Where Millennials Went Wrong and How They're Paying the Price

Millennials messed up and as a result they're paying the price.

Here's a few unfortunate facts about Millennials:

  • They contributed $1 trillion to our national student loan debt [Bloomberg]
  • They are the most educated generation in human history, yet they have the highest share of people who are unemployed in the last 40 years [USA Today]
  • 48% of employed college graduates have jobs that do not require a four-year degree. [The Center for College Affordability and Productivity]
  • Nearly 1/3 have postponed marriage or having a baby due to the recession. [Pew Research]

Millennials were raised in an a world with unprecedented opportunity. When most Millennials were in middle school or high school they witnessed the birth of the Information Age. This ushered in new industries and a re-birth in education.

Millennials went wrong when they ignored the unique opportunities in front of them in exchange for the opportunities presented to their parents.

As the Information Age exploded, along with it came the rise in technology, and your average Millennial missed the boat. Instead of pursuing a path in a growing field like computer science to develop a skillset that would open up endless career options, most Millennials have chosen college degrees and careers in business and liberal arts, both of which are degrees that are virtually worthless to employers today.

It is because of these detrimental decisions that the stats previously mentioned exist.

You can blame the economy as much as you want, but it's only a scapegoat. Like previous generations, Millennials expected that a job would be waiting for them after college, and not just any job, but a high paying job. They were wrong, and the recession was only partially to blame.

The real reason Millennials have the highest rate of unemployment in the last four decades despite being the most highly educated generation in human history is because they are largely unskilled.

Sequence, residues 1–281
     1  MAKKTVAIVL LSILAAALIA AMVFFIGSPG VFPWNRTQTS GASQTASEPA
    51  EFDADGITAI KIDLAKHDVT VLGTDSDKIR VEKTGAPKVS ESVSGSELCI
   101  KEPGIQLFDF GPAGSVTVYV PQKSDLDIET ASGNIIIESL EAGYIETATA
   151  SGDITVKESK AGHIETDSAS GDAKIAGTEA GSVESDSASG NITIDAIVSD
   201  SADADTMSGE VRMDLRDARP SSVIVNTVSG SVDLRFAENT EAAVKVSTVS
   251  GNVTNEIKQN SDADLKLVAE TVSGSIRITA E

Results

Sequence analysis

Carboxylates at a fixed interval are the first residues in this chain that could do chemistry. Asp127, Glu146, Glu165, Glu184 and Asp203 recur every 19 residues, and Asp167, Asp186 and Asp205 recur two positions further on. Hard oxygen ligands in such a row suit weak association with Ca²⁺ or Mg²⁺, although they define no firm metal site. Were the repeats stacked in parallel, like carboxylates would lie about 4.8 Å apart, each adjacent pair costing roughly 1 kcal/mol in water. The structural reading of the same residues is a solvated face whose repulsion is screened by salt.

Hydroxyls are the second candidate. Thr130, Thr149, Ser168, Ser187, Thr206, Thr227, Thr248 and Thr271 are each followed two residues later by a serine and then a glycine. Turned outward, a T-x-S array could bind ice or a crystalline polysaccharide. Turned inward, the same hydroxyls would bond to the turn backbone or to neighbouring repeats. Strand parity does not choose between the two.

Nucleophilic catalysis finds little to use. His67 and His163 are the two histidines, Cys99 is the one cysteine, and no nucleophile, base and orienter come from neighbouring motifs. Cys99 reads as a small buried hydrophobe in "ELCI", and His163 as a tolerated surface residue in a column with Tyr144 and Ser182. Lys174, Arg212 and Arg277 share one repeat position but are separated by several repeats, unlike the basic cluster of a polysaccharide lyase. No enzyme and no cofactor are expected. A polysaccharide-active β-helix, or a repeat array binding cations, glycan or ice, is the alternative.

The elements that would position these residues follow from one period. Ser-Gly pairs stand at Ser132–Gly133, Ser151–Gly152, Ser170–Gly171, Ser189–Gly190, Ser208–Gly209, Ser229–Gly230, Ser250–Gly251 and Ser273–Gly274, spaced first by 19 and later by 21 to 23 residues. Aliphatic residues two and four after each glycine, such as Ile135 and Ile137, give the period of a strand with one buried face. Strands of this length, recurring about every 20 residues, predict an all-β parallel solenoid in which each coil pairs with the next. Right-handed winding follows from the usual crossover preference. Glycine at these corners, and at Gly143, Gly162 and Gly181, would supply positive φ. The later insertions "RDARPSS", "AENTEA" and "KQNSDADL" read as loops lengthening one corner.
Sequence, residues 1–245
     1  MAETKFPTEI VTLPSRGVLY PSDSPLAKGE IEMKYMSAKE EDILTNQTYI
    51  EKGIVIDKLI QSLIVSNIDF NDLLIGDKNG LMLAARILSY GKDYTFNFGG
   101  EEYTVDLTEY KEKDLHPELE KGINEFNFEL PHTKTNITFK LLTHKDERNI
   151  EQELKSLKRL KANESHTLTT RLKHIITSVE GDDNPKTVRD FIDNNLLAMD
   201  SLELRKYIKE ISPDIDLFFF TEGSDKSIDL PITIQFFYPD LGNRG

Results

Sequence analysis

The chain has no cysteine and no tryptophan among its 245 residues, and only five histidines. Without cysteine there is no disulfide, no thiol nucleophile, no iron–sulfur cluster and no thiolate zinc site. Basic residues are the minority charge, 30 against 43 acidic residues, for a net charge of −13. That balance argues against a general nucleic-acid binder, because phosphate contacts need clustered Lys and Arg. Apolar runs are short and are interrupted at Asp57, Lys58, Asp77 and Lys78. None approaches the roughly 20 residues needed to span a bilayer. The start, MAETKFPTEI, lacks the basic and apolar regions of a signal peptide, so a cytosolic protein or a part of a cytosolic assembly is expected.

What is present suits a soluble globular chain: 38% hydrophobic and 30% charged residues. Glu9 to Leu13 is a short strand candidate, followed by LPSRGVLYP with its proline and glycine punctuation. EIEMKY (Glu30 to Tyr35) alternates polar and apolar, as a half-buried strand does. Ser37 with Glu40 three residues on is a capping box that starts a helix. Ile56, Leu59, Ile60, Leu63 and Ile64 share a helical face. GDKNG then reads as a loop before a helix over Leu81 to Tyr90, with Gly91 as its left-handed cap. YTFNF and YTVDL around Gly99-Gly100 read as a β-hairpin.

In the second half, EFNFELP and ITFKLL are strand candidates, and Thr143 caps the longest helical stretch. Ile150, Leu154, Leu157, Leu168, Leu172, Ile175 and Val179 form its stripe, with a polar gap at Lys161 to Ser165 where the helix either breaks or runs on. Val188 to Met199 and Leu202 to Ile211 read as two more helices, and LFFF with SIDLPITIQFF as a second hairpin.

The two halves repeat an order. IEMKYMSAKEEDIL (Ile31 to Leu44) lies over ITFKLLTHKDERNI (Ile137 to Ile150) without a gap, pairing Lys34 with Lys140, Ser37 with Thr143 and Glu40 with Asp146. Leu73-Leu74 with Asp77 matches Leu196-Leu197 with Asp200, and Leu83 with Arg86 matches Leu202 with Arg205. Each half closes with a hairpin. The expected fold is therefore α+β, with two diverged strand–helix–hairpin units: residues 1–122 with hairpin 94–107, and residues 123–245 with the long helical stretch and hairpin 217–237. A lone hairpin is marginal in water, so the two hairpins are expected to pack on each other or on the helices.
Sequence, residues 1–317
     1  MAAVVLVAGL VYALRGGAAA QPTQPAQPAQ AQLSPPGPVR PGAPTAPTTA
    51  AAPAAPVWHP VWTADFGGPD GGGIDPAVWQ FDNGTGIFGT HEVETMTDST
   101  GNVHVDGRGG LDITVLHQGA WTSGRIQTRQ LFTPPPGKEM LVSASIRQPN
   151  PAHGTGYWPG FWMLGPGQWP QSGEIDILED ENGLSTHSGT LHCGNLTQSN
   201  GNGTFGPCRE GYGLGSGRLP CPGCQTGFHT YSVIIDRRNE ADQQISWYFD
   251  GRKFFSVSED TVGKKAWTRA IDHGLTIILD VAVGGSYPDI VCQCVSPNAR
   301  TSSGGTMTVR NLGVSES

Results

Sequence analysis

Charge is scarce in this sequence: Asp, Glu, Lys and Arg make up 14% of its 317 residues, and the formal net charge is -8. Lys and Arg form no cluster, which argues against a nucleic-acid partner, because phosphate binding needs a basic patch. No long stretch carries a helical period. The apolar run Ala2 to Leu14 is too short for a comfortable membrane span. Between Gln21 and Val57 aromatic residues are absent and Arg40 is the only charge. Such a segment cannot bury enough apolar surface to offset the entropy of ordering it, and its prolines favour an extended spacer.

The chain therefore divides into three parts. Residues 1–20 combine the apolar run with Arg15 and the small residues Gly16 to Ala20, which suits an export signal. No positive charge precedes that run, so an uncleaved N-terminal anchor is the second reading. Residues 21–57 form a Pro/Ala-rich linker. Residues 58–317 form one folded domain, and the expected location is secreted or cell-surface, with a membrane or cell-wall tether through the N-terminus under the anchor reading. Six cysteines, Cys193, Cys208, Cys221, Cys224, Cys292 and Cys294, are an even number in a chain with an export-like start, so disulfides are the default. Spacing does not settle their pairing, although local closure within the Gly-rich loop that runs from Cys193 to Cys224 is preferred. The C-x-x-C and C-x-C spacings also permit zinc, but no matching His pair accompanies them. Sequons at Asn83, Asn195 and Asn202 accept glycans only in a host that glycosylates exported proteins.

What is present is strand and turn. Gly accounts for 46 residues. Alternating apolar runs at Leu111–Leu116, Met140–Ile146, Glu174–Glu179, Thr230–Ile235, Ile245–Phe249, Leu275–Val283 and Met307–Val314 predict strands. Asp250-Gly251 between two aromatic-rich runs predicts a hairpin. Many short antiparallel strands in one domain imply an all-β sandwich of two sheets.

Just being smart is no longer good enough. Anybody can get good grades. Paying attention in class and testing well isn't a skill, it's simply a task that millions can perform, and for that reason this is why a college education has become less effective in gaining employment.

Employers need to verify that someone has skills that can be utilized to improve their business, and Millennials are deficient in this department.

So where do we go from here?

Millennials were misguided by their parents, their professors and their guidance counselors. To no fault of their own these influencers passed on the path to success that worked for them. Unfortunately, they didn't anticipate how the world would evolve.

If Millennials want to undo the damage done by years of misguidance, bad advice and bad decisions, they must re-invent themselves. This likely sounds aggravating to most considering that most Millennials have just spent or are in the midst of spending several years and several thousand dollars pursuing a path down a traditional route. However, reinventing yourself is necessary for self-preservation.

More than just a person, you must become a brand. You must separate yourself from the pack by proving you offer something the "others" don't.

For starters, Millennials need to establish a portfolio both online and offline. If you're not receiving the job opportunities or the salary you desire, you need to work for free. Take on some pro-bono project-based work in your chosen field, do an incredible job and get a reference letter. Rinse and repeat this process at least 3 - 5 times.

Last but not least, you need to make sure you have skills for today's new working environment. To survive in the highly competitive environment of employment today, you must be a Jack-of-all-trades.

As an example, if you're pursuing a career in business you need to learn basic programming, graphic design, video editing, photo editing, accounting, web design, etc. All of these skills can be learned online at your own pace and for free or at a very minimal cost. Lynda.com, Udemy.com and even YouTube are great resources.

All hope is not lost. Opportunity is abundant, but in order to qualify Millennials must be prepared for the unique obstacles that lie before their generation.

Michael Price is the author of "What Next The Millennial's Guide to Surviving and Thriving in the Real World" now available at whatnextquest.com. Watch the trailer below: